Nigerian Vice President Yemi Osinbajo announced on Monday that he will run for the country’s top job next year, when incumbent Muhammadu Buhari has to step down.
He became the latest of the two main parties to join the race to lead Africa’s most populous country and largest economy.
First elected as Buhari’s deputy in 2015, Osinbajo announced after months of speculation whether he planned to succeed his boss.
In a statement, the 65-year-old senior lawyer and former university teacher said that his years under Buhari’s leadership have made him the best person for the job.
“That is why today I am with the utmost humility to formally announce my intention to run for president … on the platform of our great party, the All Progressive Congress,” Osinbajo said.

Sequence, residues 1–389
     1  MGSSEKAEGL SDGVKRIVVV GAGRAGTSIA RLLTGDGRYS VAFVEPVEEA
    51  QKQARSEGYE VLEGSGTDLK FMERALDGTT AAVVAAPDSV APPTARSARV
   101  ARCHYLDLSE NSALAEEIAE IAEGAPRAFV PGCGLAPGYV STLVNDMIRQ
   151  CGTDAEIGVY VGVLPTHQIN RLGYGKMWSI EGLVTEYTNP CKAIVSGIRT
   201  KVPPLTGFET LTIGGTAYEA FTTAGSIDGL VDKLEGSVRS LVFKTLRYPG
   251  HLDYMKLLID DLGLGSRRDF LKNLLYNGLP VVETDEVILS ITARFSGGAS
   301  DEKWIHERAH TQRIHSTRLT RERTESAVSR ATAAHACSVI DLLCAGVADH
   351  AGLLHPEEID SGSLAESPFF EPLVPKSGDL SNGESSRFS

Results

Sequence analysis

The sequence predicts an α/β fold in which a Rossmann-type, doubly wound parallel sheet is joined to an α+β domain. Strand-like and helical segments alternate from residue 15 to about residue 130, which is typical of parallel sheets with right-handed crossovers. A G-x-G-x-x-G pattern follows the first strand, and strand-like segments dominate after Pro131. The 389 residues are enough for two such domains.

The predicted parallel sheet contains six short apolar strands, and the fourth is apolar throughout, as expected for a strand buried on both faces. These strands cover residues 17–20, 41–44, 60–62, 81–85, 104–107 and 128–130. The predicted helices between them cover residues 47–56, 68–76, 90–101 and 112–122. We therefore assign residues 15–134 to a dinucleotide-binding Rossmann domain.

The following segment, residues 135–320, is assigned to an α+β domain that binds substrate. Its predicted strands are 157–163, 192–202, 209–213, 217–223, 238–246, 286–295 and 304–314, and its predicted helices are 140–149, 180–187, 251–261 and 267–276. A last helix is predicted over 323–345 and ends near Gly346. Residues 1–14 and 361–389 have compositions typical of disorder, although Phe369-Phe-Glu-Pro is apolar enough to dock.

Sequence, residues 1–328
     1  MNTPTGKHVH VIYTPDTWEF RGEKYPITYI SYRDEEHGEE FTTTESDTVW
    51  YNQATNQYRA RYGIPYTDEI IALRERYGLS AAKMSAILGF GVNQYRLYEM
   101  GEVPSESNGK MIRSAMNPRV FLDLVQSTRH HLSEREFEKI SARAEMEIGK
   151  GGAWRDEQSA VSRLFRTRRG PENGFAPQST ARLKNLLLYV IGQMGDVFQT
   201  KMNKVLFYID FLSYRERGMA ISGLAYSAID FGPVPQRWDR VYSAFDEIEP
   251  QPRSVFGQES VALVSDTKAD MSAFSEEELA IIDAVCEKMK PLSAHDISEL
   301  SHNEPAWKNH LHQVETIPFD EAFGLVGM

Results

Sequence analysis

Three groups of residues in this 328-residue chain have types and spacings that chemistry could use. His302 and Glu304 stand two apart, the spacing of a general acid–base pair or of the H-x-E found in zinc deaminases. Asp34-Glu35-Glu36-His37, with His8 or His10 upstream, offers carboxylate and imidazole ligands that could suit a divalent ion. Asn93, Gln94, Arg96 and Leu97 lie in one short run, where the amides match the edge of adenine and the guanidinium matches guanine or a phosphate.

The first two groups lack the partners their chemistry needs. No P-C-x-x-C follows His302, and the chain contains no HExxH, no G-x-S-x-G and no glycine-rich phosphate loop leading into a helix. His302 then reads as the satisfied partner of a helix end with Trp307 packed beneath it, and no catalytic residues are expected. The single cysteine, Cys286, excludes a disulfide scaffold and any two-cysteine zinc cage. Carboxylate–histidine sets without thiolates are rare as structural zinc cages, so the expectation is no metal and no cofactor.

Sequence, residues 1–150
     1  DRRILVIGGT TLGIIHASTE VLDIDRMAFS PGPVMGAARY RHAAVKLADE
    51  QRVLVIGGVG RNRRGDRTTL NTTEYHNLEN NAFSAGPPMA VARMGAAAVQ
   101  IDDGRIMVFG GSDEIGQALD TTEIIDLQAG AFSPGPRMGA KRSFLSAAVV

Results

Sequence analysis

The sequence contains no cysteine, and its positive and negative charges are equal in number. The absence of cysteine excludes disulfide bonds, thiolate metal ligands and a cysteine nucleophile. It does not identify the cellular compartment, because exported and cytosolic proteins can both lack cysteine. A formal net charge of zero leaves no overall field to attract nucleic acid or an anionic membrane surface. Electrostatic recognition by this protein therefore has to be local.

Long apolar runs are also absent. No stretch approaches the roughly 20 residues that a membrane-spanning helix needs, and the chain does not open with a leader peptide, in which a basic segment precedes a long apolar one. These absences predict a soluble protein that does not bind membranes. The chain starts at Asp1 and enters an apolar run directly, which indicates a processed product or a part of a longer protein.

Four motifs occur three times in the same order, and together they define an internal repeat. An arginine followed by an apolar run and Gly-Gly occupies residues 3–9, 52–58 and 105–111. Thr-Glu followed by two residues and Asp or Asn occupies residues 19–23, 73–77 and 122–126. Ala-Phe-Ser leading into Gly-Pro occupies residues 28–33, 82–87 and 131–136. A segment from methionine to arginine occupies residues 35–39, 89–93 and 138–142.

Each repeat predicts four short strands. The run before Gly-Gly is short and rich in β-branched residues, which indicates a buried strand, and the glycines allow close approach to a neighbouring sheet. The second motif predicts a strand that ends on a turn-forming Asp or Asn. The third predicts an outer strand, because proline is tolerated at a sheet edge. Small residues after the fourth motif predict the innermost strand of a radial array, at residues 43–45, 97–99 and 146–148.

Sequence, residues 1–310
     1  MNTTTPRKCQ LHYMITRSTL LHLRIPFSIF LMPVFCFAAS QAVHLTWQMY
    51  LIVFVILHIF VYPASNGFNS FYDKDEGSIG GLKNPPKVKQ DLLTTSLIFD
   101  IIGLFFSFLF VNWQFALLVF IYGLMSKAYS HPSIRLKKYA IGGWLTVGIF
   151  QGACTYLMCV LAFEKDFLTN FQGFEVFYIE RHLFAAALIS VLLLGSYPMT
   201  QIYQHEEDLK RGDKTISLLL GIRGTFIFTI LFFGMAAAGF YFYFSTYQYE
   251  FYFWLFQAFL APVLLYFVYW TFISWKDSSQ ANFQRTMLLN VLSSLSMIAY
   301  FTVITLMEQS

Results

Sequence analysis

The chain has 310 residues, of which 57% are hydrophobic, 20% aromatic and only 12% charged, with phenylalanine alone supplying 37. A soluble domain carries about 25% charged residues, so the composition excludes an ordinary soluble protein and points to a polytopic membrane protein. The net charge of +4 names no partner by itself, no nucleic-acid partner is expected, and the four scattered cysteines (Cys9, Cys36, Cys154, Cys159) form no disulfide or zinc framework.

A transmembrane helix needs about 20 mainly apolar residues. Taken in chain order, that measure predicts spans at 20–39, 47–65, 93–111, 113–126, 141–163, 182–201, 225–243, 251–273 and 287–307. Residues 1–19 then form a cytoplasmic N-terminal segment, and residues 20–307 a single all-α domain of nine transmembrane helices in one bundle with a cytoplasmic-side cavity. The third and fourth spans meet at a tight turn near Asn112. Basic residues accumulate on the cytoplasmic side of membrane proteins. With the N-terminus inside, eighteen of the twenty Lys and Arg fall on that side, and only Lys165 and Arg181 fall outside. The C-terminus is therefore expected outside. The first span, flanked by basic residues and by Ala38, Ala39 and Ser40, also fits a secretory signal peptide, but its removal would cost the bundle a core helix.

He promised to continue Buhari’s policies and programs, including new roads and huge railway projects.
A key issue ahead of the February 2023 election is security, with Nigeria’s armed forces battling jihadist insurgency in the northeast, violent criminal gangs in the northwest and separatist tensions in the southeast.
Osinbajo joined a series of candidates for the party ticket from the ruling APC.
APC leader and former Lagos governor Bola Tinubu has already announced that he will run. Osinbajo worked under Tinubu as the Commissioner of Justice in Lagos for eight years.
Other APC candidates are Transport Minister Rotimi Amachi and Central Kogi State Governor Yahya Bello.
The ruling party is expected to choose its flag bearer by June and the candidate will face the main opposition People’s Democratic Party (PDP).
Atiku Abubakar, 75, a former vice president who has run for the presidency five times, announced last month that he would run for the PDP’s podium again.
An unwritten rule of Nigerian politics is that the presidency is expected to “rotate” to share power equitably between the mostly Muslim North and the predominantly Christian South.
After Buhari, a Muslim from the north, completes his two terms the next year, many southerners say the presidency should return to his territory.